Government is in a unique position to bring enough resources to bear on a social problem when needed, and to “insure” across the entire society against disasters and personal need. Disaster relief is appropriately the concern of government, rushing resources into areas hit by tornadoes, hurricanes, and earthquakes. There is still an immediate and limited role for private philanthropy through organizations such as the American Red Cross, but the fundamental role of relief and reconstruction is best handled by governments. Government, put bluntly, is in a position to coerce all of us to take advantage of this “insurance”, contributing our fair share to insure ourselves and to provide for the needs of the poor and those affected by disasters. Economists and game theorists have proven time and again that we would all under-invest in public goods such as these if we were not forced to do so by taxation. One can fault government for poor planning and for “wasting money”, but private philanthropy can never substitute for the mechanism of society-wide social programs funded and administered by government.
Globalization has various aspects which affect the world in several different ways such as:
1. Industrial (alias trans-nationalization)—emergence of worldwide production markets and broader access to a range of foreign products for consumers and companies.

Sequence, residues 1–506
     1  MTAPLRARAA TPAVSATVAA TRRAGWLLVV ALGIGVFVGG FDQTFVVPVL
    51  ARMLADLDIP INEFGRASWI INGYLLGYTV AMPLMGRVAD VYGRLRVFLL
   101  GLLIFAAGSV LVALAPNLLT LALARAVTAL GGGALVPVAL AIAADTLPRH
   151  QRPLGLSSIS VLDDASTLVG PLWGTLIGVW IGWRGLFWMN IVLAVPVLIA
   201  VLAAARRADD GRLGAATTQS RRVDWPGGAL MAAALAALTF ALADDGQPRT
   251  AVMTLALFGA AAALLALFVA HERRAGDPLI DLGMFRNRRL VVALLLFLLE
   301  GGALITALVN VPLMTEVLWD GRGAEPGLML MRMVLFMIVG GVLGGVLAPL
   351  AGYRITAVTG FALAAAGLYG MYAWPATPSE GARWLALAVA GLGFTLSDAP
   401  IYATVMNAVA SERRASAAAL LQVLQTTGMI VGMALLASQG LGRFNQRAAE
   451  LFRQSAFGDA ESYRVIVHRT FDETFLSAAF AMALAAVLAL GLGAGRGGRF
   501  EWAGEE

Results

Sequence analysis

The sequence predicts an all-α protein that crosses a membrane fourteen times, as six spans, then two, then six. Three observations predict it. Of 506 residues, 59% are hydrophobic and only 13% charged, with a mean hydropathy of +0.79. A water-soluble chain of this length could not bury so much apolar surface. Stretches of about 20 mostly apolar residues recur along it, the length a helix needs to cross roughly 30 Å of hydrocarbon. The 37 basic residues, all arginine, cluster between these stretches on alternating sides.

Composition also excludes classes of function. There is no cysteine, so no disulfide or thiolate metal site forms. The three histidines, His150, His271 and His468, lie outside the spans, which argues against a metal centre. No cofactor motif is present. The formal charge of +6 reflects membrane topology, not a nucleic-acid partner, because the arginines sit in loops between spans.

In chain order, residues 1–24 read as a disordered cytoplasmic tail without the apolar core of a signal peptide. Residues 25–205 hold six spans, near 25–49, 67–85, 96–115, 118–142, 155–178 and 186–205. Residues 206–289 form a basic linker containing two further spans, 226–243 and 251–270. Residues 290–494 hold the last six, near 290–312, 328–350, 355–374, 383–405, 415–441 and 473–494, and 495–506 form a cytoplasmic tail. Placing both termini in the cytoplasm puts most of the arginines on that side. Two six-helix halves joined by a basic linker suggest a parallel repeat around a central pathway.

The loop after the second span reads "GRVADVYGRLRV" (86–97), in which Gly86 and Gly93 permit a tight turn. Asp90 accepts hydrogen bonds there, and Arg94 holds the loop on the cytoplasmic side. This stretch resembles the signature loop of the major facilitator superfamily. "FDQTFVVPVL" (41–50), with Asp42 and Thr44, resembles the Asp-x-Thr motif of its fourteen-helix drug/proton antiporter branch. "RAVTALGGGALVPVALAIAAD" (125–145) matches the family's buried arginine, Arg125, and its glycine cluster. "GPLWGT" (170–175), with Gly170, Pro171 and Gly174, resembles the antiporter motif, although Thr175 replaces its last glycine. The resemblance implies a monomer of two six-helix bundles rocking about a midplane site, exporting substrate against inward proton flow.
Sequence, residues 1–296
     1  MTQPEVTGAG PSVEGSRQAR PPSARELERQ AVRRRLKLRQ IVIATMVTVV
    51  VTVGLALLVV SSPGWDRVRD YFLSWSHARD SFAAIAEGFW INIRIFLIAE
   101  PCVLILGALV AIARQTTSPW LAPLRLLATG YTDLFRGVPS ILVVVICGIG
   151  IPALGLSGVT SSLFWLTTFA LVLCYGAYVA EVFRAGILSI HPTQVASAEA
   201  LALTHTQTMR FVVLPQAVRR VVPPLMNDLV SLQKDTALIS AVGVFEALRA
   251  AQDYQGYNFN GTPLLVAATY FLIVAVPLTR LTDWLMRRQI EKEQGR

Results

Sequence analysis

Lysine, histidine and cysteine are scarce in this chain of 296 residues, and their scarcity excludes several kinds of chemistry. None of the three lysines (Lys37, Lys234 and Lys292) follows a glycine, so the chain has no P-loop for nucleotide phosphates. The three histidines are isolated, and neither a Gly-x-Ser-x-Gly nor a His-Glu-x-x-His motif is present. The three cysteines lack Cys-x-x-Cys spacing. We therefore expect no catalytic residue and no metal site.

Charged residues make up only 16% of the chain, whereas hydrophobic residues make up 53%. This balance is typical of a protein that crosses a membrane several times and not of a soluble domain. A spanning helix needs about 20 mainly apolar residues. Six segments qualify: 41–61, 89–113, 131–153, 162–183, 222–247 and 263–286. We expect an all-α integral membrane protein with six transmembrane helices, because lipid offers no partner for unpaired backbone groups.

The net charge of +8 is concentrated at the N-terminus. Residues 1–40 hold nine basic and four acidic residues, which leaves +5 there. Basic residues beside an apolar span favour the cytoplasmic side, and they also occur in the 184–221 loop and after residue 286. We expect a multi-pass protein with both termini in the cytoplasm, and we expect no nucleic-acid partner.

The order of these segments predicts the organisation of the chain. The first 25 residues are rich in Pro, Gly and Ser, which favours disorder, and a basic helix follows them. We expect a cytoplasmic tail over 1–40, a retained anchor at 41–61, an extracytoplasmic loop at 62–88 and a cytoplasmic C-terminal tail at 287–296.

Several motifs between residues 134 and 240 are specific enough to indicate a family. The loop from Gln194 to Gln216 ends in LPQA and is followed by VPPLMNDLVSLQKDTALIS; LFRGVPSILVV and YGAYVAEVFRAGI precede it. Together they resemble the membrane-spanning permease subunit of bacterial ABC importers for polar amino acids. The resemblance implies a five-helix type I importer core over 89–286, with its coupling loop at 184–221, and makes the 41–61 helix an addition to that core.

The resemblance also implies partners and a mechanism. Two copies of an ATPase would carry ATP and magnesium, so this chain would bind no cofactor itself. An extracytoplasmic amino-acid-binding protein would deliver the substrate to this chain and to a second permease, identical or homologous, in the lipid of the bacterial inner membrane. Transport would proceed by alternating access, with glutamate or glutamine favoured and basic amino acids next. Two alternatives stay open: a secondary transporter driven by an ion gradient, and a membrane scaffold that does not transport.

2. Financial—emergence of worldwide financial markets and better access to external financing for corporate, national and sub-national borrowers.
3. Economic—realization of a global common market, based on the freedom of exchange of goods and capital.
4. Political—political globalization is the creation of a world government which regulates the relationships among nations and guarantees the rights arising from social and economic globalization.
5. Informational—increase in informationflows between geographically remote locations.
6. Ecological—the advent of global environmental challenges that can not be solved without international cooperation, such as climate change, cross-boundary water and air pollution, over-fishing of the ocean, and the spread of invasive species. Many factories are built in developing countries where they can pollute freely.
7. Social—the achievement of free circulation by people of all nations.
8. Transportation—fewer and fewer European cars on European roads each year (the same can also be said about American cars on American roads) and the death of distance through the incorporation of technology to decrease travel time.
9. Cultural—growth of cross-cultural contacts; advent of new categories of consciousness and identities such as Globalism—which embodies cultural diffusion, the desire to consume and enjoy foreign products and ideas, adopt new technology and practices, and participate in a “world culture”.
10. Technical/Legal—development of a global telecommunications infrastructure and greater transborder data flow, using such technologies as the Internet, communication satellites, submarine fiber optic cable, and wireless telephones.